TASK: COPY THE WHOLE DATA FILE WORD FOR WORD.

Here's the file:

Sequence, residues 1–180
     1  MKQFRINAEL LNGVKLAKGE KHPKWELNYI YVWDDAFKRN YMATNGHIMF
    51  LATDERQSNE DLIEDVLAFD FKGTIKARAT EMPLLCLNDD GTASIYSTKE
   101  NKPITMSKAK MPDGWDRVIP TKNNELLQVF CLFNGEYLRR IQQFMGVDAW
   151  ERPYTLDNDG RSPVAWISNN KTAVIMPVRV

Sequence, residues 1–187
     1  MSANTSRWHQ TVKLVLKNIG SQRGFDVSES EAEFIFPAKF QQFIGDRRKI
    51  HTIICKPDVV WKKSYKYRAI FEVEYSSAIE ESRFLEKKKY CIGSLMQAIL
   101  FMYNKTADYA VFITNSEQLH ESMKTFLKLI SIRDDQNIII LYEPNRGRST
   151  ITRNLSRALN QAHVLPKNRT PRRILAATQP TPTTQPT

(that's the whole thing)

Sequence, residues 1–180
     1  MKQFRINAEL LNGVKLAKGE KHPKWELNYI YVWDDAFKRN YMATNGHIMF
    51  LATDERQSNE DLIEDVLAFD FKGTIKARAT EMPLLCLNDD GTASIYSTKE
   101  NKPITMSKAK MPDGWDRVIP TKNNELLQVF CLFNGEYLRR IQQFMGVDAW
   151  ERPYTLDNDG RSPVAWISNN KTAVIMPVRV

Sequence, residues 1–187
     1  MSANTSRWHQ TVKLVLKNIG SQRGFDVSES EAEFIFPAKF QQFIGDRRKI
    51  HTIICKPDVV WKKSYKYRAI FEVEYSSAIE ESRFLEKKKY CIGSLMQAIL
   101  FMYNKTADYA VFITNSEQLH ESMKTFLKLI SIRDDQNIII LYEPNRGRST
   151  ITRNLSRALN QAHVLPKNRT PRRILAATQP TPTTQPT